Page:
Fowler, a switch hitter who will become a free agent at season’s end, had a particularly rough 2020 batting right-handed. He went two for 17 with no extra-base hits. He was better left-handed, batting .260 with four home runs and 23 strikeouts in 73 at-bats. Minasian said Fowler has put in extra work this offseason.
Emmanuel Morgan on the NFL: Commissioner Roger Goodell in his annual Super Bowl news conference said he is “not satisfied” with the current rate of hiring more minority head coaching candidates but was happy to see progress among the general manager ranks.
“It wasn’t what we expected, and it’s not what we expect going forward,” Goodell said.
Only two of the seven available coaching vacancies were filled with a non-white candidate — New York Jets coach Robert Saleh, a Muslim American of Lebanese descent, and Houston Texans coach David Culley, who is Black.
This offseason, the NFL amended its Rooney Rule, requiring clubs to interview two minority candidates instead of one. More attention shifted toward the lack of diversity among coaches amid a national reckoning on race last summer after the police killing of George Floyd in Minnesota. But candidates whom many expected to receive jobs, including Kansas City Chiefs offensive coordinator Eric Bieniemy, did not make it past the interview phase with several teams.
Goodell said more discussions need to be had with individual candidates and with owners about what went right and what needs to be improved.
“They’re not the outcomes we wanted, and we’re committed more than ever to make sure we do that,” Goodell said. “We want it to be a natural process. We want it to be a process that is what we believe in diversity is what makes us better, ultimately.”
Weather reports call for 55% chance of rain Sunday in Tampa ahead of the Super Bowl between the Kansas City Chiefs and Tampa Bay Buccaneers, with wind gusts of up to 12 mph. Though teams have played in worse conditions, the elements are far from ideal for what will be the biggest game of the year.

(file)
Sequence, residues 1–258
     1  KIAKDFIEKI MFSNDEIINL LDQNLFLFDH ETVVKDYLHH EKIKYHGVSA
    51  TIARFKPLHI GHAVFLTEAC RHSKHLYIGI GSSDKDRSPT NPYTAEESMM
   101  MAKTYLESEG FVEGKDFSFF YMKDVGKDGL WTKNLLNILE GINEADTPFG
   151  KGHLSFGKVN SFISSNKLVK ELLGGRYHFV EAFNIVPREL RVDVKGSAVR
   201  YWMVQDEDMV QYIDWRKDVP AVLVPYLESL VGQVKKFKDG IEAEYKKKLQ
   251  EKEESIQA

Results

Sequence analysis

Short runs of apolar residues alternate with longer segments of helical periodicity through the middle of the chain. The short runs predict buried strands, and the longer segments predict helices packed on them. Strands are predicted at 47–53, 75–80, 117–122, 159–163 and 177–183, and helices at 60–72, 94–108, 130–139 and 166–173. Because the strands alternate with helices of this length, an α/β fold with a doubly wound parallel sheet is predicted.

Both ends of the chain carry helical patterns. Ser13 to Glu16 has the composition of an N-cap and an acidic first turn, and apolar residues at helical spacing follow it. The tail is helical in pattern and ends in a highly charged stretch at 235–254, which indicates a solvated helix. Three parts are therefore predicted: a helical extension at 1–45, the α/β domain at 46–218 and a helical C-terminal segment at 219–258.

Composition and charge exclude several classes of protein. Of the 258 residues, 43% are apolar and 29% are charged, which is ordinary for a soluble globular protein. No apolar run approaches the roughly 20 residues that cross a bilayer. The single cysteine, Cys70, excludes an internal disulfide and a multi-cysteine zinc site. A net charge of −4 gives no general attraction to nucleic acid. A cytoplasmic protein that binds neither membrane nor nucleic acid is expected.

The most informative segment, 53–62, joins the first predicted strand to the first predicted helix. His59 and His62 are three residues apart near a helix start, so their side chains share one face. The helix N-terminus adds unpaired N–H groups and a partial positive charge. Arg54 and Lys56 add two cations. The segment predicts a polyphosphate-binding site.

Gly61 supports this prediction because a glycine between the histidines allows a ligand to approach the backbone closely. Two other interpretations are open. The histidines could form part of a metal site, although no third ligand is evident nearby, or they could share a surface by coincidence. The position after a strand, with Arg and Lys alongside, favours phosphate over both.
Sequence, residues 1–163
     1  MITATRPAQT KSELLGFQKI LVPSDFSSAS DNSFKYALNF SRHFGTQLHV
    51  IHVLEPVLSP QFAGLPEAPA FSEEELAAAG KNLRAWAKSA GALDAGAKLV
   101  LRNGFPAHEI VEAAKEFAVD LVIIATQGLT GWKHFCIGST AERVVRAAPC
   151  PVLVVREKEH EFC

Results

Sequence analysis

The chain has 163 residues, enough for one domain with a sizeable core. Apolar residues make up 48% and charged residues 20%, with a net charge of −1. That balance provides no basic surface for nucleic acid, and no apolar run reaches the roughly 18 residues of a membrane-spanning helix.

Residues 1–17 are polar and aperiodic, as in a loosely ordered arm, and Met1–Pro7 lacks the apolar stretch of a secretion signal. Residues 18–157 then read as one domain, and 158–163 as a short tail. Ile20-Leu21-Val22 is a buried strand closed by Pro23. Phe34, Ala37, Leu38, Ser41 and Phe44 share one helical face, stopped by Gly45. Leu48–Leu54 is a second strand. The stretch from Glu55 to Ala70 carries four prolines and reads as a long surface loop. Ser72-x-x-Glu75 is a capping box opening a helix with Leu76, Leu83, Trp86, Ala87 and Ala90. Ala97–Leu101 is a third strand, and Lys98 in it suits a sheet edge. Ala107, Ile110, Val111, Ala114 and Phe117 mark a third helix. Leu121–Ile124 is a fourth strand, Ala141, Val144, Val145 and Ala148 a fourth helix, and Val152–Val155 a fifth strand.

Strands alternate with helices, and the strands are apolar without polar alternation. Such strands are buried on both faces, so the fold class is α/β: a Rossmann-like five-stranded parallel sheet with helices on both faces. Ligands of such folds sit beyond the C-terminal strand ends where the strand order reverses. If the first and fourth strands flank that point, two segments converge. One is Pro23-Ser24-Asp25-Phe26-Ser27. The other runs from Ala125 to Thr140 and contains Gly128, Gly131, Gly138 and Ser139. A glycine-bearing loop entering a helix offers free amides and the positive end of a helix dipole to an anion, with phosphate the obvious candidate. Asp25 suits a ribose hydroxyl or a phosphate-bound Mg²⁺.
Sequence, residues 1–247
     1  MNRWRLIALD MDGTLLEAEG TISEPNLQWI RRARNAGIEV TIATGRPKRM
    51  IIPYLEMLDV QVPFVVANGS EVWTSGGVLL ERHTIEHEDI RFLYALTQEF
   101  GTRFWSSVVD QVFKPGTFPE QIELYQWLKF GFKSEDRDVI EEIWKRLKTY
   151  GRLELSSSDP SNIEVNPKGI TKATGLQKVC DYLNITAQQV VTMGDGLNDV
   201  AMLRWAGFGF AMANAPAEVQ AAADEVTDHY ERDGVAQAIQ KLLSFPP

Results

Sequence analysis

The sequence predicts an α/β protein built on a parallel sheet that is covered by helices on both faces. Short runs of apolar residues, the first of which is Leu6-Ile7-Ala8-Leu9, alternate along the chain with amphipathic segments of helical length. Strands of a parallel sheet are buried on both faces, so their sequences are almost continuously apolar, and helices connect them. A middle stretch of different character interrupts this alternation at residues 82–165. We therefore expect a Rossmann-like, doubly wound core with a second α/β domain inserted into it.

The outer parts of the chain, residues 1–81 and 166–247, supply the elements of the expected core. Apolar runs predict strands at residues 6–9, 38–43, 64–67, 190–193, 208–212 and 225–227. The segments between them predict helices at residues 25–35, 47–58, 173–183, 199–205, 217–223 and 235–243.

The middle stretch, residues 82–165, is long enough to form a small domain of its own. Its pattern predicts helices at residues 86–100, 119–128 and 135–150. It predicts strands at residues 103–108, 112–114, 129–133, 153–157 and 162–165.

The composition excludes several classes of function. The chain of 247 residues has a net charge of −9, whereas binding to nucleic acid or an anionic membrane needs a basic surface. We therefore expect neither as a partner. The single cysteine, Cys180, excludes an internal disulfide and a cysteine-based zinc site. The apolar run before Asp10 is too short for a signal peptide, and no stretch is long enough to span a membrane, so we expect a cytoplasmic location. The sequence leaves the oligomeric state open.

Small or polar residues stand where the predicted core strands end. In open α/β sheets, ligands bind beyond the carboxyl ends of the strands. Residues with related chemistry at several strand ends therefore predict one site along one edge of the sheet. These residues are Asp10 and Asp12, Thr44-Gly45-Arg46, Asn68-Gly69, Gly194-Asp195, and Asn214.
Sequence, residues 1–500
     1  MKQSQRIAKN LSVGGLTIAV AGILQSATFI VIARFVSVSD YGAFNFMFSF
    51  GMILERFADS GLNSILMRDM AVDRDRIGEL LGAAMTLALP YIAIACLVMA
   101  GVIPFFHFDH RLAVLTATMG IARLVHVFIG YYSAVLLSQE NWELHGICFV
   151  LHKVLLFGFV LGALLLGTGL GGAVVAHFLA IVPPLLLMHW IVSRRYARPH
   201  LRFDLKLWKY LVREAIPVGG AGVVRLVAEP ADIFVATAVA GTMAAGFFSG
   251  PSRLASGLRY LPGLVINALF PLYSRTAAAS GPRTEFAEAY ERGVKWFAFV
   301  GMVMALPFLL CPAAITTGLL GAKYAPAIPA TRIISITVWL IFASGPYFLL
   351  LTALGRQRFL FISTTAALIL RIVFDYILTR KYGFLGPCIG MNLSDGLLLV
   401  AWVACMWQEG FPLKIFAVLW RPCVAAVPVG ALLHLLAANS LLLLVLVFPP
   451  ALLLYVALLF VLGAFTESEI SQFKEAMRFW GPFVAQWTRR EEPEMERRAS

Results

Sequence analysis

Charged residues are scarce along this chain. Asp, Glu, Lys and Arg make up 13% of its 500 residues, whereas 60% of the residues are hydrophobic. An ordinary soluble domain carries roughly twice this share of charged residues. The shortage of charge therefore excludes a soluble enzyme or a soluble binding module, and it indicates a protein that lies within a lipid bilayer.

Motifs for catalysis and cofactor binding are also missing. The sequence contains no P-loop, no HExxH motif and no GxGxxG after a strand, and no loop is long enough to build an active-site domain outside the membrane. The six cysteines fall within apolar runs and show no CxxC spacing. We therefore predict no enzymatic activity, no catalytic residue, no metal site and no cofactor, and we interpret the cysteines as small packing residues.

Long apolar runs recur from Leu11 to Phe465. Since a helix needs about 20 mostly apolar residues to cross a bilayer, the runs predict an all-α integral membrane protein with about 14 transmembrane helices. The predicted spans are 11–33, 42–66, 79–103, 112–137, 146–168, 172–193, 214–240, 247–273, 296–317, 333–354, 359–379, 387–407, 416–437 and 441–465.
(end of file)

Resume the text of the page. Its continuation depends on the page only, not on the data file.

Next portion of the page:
With the rain is expected to clear up in the afternoon, Buccaneers head coach Bruce Arians said he was more concerned with wind, which will affect the passing and kicking game.
Quarterback Tom Brady, in his 20 seasons with the New England Patriots, played in harsher, colder conditions. Arians is confident with Brady’s preparation, and with other players wearing the right equipment.
“Tom has played in every weather there is,” Arians said. “For our guys, just proper shoes, proper gloves if you’re handling a wet ball.”
Helene Elliott on the NHL: Faced with increased interruptions to its schedule as players and coaches enter COVID-19 protocol, the NHL announced a series of additional measures that are designed to reduce the risk of exposing personnel to the novel coronavirus.
Among the most visible measures will be removing the glass behind the home and visitors’ benches in each arena. According to a news release, the change is intended “To allow for air flow to more easily move away from the benches where Players and Coaches are in close proximity to one another during games.” Apparently, referees will have to use their imagination in calling delay of game penalties for shooting the puck over glass that isn’t there anymore.
Other measures instituted Thursday include limiting the time players spend in an arena by mandating that they can’t arrive more than an hour and 45 minutes before puck drop except to get treatment or otherwise prepare for a game and urging them to leave as soon as possible after games. Meetings will be conducted virtually when possible. Clubs were told to ensure there’s a distance of at least six feet between players’ locker stalls. In addition, the league is considering mandating teams to use portable air cleaners behind the bench.
DIANNE DURHAM DIES
Dianne Durham, the first Black woman to win a USA Gymnastics national championship, died in Chicago after a short illness, her husband said. She was 52.